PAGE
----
Ken Tapping is an astronomer with the Dominion Radio Astrophysical Observatory. Photo courtesy David Szabo

Star Gazing: The first spiral galaxies

Ken Tapping is an astronomer with the NRC’s Dominion Radio Astrophysical Observatory, Penticton

Our galaxy, the Milky Way, is a great flat spiral structure containing billions of stars, countless planets, clouds of gas and dust, and many star forming regions where gas and dust clouds are collapsing to form new stars and planets.

Spiral galaxies are dynamic places. So far we have found a good number of earth-like planets in our galaxy, so it is very likely that the Earth is not the only planet populated by living things. How old is the Milky Way? When in the history of the universe did the first spiral galaxies like ours appear?

The oldest stars in the Milky Way are about 13.5 billion years old, compared with the almost 14 billion year age of the universe. However, that is not necessarily the age of the Milky Way. Our galaxy grew from small beginnings by absorbing its neighbours. It could have inherited old stars in the process. How far back in the history of the universe did the first spiral galaxies form? If they, like the Milky Way, had dust clouds, star forming regions, and almost certainly a multitude of planets, could there have been living things too?

The most distant object we will ever see with our unaided eye is probably the Andromeda Galaxy. It is a spiral galaxy, much like the one we live in, containing stars, gas and dust clouds, and almost certainly planets, and maybe living creatures. It lies about 2.5 million light years away; that is, its light takes 2.5 million years to get to us. A light year is the distance light travels in a year. Since light travels at almost 300,000 kilometres a second, the Andromeda Galaxy lies around 25e18 (25 followed by 18 zeros) kilometres away. We see it as it was 2.5 million years ago, and it seems to be very like our galaxy. Our telescopes show billions of galaxies, many of them spirals, extending out into space as far as we can see. The most distant spiral found so far lies in the constellation of Pegasus, the “Flying Horse,” and has been named Q2343-BX442, It lies at a distance of about 11 billion light years, which means we are seeing it as it was around 11 billion years ago. It is likely that everything going on now in our galaxy was happening in that distant spiral, 11 billion years ago. The universe is almost 14 billion years old. What was happening before?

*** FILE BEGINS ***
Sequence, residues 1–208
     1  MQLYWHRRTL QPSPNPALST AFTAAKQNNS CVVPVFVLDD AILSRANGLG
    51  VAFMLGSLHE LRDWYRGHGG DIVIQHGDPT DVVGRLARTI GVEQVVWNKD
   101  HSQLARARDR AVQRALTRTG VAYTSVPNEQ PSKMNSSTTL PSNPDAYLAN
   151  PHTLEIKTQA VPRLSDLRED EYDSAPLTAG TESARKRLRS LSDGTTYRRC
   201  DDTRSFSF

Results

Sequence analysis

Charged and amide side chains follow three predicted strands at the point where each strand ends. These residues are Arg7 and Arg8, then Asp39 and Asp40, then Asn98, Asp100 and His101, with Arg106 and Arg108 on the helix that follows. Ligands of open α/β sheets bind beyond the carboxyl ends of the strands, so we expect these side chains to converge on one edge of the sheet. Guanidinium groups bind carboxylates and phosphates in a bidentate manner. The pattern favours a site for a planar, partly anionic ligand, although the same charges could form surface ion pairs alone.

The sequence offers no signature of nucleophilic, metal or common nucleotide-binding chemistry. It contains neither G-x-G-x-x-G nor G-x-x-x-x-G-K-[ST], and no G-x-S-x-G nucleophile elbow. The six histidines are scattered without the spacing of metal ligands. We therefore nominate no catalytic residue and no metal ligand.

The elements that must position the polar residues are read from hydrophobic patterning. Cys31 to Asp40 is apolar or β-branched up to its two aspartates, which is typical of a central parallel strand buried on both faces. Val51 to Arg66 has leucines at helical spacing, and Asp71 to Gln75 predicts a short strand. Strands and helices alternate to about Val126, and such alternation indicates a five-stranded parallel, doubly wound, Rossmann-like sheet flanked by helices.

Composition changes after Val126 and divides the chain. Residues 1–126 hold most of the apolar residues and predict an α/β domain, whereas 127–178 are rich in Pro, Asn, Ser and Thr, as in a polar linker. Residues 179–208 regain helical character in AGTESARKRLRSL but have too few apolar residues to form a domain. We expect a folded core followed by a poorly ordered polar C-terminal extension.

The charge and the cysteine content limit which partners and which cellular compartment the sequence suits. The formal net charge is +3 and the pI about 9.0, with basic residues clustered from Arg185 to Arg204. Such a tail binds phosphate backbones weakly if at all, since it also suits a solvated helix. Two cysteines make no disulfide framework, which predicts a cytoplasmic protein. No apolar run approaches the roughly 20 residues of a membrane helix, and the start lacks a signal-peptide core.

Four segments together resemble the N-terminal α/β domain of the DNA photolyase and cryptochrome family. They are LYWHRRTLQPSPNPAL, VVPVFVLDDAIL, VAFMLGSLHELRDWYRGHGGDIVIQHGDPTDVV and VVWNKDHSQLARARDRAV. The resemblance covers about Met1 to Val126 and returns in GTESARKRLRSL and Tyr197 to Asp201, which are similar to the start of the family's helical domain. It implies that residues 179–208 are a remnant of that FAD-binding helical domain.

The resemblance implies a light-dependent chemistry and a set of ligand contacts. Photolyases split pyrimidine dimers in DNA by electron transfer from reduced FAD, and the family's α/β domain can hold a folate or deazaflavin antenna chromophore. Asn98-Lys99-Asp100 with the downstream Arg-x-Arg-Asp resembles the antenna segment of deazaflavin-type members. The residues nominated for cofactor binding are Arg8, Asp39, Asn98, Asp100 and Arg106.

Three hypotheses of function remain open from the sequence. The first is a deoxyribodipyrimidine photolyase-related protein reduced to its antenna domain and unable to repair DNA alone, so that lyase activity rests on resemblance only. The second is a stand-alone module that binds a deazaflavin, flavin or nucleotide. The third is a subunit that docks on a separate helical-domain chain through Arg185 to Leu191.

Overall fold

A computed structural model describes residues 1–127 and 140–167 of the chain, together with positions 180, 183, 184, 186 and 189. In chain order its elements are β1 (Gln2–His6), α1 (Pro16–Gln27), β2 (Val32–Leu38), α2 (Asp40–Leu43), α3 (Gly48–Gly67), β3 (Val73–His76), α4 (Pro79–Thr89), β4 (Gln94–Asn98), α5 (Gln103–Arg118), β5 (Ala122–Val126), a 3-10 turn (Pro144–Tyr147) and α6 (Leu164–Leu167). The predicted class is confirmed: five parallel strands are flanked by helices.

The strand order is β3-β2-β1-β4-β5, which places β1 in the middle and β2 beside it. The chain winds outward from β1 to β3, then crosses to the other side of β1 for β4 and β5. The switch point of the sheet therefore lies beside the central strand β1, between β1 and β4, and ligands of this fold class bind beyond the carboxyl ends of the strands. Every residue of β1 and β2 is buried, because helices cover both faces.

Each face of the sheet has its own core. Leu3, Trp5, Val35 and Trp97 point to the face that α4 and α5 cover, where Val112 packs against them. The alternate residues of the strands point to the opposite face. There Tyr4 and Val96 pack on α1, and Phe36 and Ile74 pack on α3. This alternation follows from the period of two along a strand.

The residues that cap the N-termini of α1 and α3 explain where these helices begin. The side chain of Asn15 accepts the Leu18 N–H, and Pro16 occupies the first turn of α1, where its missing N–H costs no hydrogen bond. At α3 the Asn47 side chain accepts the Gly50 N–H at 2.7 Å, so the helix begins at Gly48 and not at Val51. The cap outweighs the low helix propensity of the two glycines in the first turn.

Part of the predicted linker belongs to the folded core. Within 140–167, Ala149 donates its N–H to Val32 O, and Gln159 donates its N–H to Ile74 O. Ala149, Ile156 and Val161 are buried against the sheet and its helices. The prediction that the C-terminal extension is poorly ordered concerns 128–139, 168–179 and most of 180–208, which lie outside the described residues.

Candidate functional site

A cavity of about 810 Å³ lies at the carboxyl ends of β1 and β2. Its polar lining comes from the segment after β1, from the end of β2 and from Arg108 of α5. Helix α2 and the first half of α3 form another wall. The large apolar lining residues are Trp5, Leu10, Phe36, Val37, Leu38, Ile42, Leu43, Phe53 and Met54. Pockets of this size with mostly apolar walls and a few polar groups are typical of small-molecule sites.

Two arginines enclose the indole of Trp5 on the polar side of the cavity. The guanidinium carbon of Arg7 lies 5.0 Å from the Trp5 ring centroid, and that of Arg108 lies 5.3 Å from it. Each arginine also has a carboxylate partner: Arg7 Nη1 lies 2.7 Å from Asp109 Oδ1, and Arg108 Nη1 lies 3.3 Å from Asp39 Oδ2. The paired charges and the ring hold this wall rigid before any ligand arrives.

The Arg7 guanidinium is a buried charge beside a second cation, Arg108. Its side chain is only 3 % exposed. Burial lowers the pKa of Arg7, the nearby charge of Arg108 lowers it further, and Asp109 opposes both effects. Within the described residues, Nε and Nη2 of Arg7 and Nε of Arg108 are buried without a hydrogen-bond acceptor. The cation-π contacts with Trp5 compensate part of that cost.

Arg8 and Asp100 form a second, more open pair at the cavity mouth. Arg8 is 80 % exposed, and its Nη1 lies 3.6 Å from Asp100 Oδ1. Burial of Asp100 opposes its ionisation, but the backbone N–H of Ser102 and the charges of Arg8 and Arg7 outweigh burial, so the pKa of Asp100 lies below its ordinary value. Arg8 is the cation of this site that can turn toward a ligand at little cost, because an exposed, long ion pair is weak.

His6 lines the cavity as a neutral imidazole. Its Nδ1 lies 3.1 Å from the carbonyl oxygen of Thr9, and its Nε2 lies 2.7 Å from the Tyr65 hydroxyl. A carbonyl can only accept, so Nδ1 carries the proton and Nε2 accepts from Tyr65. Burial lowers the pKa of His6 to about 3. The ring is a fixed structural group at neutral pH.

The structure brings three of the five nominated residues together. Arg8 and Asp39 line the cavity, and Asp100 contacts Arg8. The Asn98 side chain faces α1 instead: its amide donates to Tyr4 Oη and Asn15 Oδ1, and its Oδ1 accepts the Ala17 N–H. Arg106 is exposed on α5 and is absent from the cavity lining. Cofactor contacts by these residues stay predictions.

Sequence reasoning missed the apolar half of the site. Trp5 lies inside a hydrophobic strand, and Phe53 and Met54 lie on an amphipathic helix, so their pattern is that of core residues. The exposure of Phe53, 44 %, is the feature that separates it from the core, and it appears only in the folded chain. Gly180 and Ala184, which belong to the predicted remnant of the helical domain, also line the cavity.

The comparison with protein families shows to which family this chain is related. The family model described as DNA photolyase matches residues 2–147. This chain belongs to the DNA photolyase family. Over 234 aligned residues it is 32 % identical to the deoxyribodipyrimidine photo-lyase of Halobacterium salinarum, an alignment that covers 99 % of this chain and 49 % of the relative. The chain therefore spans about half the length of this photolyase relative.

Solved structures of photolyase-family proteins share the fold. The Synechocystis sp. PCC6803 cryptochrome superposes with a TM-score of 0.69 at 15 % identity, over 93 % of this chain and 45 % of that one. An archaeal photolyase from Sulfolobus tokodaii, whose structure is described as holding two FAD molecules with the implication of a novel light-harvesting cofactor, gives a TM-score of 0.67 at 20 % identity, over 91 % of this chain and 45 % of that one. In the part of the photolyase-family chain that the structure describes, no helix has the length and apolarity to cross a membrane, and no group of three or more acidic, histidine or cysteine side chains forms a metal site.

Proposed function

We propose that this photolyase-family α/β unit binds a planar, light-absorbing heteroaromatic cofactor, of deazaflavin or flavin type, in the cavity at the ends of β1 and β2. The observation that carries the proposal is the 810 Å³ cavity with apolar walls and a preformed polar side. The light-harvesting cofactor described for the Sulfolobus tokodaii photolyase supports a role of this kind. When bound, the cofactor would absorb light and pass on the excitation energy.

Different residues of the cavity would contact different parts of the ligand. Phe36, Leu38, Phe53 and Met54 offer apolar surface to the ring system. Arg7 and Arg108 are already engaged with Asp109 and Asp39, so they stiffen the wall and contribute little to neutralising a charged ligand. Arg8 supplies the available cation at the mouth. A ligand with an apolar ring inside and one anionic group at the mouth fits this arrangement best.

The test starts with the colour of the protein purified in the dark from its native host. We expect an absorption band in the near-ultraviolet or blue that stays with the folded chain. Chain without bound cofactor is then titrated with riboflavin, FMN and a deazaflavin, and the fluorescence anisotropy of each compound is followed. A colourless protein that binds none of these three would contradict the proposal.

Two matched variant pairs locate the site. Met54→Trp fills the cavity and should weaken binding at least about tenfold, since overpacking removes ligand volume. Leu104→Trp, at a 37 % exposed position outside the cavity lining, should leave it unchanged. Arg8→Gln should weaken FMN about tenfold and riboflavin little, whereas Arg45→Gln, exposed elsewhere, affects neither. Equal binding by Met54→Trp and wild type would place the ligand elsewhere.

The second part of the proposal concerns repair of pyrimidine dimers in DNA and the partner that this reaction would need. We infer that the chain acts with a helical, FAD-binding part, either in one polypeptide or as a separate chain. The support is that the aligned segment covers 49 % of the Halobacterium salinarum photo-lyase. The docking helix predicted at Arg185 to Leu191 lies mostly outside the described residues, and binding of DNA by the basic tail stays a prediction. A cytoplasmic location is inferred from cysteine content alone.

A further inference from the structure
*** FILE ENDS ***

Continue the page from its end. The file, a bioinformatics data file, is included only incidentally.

The newly born universe was too hot and dense for anything to form, but about 380,000 years after the Big Bang things had cooled enough for the first atoms to form, almost all of them hydrogen. At that point the universe became transparent. We can see the radiation liberated at that moment as the Cosmic Microwave Background radiation. The universe before that time is hidden from us.

The first stars formed from that primordial hydrogen. They are too far off in time and space for us to see, but we can detect them by their effects on the surrounding gas. The first big wave of star formation happened about 180 million years after the Big Bang, roughly 13.8 billion years ago. This is pretty close to the age of the oldest stars in the Milky Way. It’s likely that those ancient stars were in galaxies of some kind — probably irregular assemblages of gas, dust and stars, which coalesced into the first spirals. It looks as though what we can call the “Modern Universe” actually got going soon after the Big Bang. The idea that there could be life among the stars of that distant Pegasus spiral, 11 billion years ago, is stunning. If today those beings are looking in our direction, they are seeing the Milky Way as it was 11 billion years ago, and maybe thinking the same thing.

Mercury and Venus lie very low in the sunset glow. Jupiter rises about midnight, Mars around 4 a.m. and Saturn at 5 a.m. The moon will reach First Quarter on March 24.

Ken Tapping is an astronomer with the NRC’s Dominion Radio Astrophysical Observatory, Penticton.

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